It’s been a winding road, but Indy Lights presented by Cooper Tires embarks on its 400th race this weekend at Barber Motorsports Park.
The doubleheader weekend on the 17-turn, 2.3-mile scenic road course will feature race No. 399 on Saturday before the iconic milestone event on Sunday prior to the Verizon IndyCar Series’ Honda Indy Grand Prix of Alabama presented by America’s First.
The top level of the Mazda Road to Indy presented by Cooper Tires developmental ladder, operated by Andersen Promotions and sanctioned by INDYCAR, has come a long way since its inception in 1986, when it was known as the American Racing Series. The series was renamed Indy Lights in 1991.
New Zealander Steven Millen took the inaugural race at Phoenix Raceway’s 1-mile oval in 1986, but it was Italy’s Fabrizio Barbazza who took the season title with five wins in 10 races over Jeff Andretti, son of Mario Andretti.
Roger Bailey, former president and chief operating officer for ARS, worked with longtime Indy car team owner Pat Patrick and promoter Ralph Sanchez in starting the development series, which has become a primary pipeline for Indianapolis 500 champions and Indy car champions to this day.
“Throughout the years, Indy Lights has produced many great Indy car drivers,” said Bailey, now retired.
“In my wildest dreams, I never imagined that 30-plus years and 400 races later, the series would still be producing the next-generation Indy car drivers. It is a great tribute to Dan Andersen and his group that they continue to support this critical rung on the ladder in search of the next Indy 500 champion.”
Bryan Herta, the 1993 Indy Lights champion and now two-time winning owner in the Indianapolis 500, put an emphasis on not just what the series does for drivers, but collectively in helping develop engineers and mechanics.
“Indy Lights has stood the test of time, and the roll call of former winners and champions shows that it has been, and remains, the best path to Indy car success for a driver,” said Herta, who now watches son Colton, 17, compete in the series. “And really, beyond that, so many teams and crew members have developed their skills through the Indy Lights series as well, and it really is an essential part of bringing the next generation of Indy car forward.”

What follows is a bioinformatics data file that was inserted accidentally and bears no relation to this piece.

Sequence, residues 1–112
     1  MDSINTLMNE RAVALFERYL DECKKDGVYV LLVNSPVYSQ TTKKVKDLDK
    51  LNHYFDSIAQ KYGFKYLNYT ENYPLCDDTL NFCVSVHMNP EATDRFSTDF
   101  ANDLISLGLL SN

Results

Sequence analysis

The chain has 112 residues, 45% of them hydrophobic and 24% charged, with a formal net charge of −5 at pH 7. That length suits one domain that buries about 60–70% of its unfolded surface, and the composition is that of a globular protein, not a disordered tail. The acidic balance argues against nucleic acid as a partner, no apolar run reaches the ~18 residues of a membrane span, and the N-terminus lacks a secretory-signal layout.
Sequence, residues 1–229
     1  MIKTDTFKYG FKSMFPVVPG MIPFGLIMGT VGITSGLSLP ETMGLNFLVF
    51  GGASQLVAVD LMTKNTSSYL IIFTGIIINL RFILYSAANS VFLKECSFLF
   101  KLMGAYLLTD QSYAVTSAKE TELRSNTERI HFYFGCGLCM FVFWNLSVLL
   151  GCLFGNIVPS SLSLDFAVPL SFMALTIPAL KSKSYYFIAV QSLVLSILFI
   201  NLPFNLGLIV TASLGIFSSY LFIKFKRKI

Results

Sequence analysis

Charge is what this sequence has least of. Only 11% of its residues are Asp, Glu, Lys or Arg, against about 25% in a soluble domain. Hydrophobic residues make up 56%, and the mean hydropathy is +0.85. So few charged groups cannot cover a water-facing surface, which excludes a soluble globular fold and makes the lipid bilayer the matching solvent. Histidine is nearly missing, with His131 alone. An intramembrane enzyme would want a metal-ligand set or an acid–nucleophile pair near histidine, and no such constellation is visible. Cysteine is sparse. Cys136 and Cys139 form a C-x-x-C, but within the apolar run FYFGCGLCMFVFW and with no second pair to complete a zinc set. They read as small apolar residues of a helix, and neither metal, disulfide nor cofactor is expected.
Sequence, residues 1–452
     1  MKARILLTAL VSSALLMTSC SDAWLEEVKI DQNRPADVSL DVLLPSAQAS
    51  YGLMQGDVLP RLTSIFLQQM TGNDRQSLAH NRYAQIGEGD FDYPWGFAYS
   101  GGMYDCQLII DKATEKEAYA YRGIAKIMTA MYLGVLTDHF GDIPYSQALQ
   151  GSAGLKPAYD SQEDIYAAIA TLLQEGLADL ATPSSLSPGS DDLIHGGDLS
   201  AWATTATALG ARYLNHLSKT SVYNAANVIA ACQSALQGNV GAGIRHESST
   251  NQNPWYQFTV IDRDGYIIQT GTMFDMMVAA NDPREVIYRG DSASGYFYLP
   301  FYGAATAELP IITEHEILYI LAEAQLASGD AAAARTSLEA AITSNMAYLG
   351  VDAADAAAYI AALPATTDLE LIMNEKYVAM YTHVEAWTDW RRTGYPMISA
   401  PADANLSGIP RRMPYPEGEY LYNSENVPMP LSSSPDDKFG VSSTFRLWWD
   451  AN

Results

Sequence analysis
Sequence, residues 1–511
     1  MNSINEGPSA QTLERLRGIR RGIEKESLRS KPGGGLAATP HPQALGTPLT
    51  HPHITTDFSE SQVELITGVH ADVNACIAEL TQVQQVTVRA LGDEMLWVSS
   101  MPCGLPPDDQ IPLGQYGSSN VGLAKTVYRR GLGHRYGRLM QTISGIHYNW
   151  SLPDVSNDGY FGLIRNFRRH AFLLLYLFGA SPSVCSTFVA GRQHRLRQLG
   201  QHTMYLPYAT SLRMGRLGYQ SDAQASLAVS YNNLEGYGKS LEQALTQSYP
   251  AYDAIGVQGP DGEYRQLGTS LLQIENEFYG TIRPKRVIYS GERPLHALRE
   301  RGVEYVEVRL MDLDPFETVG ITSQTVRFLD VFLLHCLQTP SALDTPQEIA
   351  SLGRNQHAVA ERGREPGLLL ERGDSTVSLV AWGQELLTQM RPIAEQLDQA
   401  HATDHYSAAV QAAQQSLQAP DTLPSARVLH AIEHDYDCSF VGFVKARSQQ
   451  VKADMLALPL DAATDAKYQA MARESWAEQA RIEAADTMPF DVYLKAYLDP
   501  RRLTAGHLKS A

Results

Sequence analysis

Cleveland’s Burke Lakefront Airport hosted the 100th Indy Lights race in 1994, won by four-time 500cc motorcycle world champion Eddie Lawson of Tasman Motorsports. In 2002, native Texan and team owner A.J. Foyt witnessed grandson A.J. Foyt IV capture the 200th race at Texas Motor Speedway.
James Hinchcliffe, winner of the most recent Verizon IndyCar Series race, the Toyota Grand Prix of Long Beach on April 9, captured the 300th Indy Lights race at the same track, in 2010 when he drove with Team Moore Racing.
“Today’s Mazda Road to Indy presented by Cooper Tires carries on the tradition of developing talent for the top, and the legacy of Indy Lights and its highly successful results as a training ground are so important to note as we celebrate another milestone,” said Andersen, owner and CEO of Andersen Promotions. “Indy Lights history was started by others, some very important people in open-wheel racing, and Andersen Promotions is honored to be entrusted with carrying on that legacy.”
Former Formula One driver Max Chilton came stateside in 2015 with Carlin, electing to compete in Indy Lights to help lessen the learning curve to the Verizon IndyCar Series when he made the jump with Chip Ganassi Racing last year.
“I felt like it was very important for me,” said Chilton, who won the 2015 Indy Lights race at Iowa Speedway. “Obviously, yes I took a step down from F1, which people thought was a weird jump, but it gives you groundings to learn INDYCAR.
“It gives you a sense of speed, like going 200 mph at Indianapolis (Motor Speedway), which is quick for a junior category. The racing is properly close. If you do well in that, you tend to go on and have a good career.”
Before his days as a three-time Verizon IndyCar Series race winner, two-time Indy 500 pole sitter and team owner, Ed Carpenter was busy winning the 2003 Freedom 100, the inaugural Indy Lights race on the 2.5-mile oval. The Freedom 100 also captured an edge-of-your-seat finish last year when Dean Stoneman edged eventual Indy Lights champion Ed Jones by a narrow 0.0024 of a second, the closest margin of victory in the track’s illustrious 100-plus-year history.
Further proof of Indy Lights’ relevance lies in this weekend’s Verizon IndyCar Series field at Barber Motorsports Park. Fourteen of the 21 drivers entered have Indy Lights experience; five are past Indy Lights champions.
Rookies Colton Herta (Andretti Steinbrenner Racing) and Aaron Telitz (Belardi Auto Racing) lead a squad of 15 current Indy Lights drivers into Barber Motorsports Park this weekend, with no clear favorite for either race of the doubleheader weekend.
“Four hundred races, that’s pretty impressive,” said Herta, driver of the No. 98 Dallara IL-15 Mazda. “It’s amazing that the series has been running for that long and it’s thriving right now. It’s going upwards and it’s looking good.
“It’s really impressive to have a 15-car grid and to have six or seven guys that have the speed to win. I think you’re going to see six or seven different winners (this season), just based on the first race weekend (in March at St. Petersburg).”
The first Indy Lights race of the weekend starts at 3 p.m. ET Saturday, with the landmark 400th race in series history beginning at 12:45 p.m. ET Sunday. Both races will stream live on RaceControl.IndyCar.com.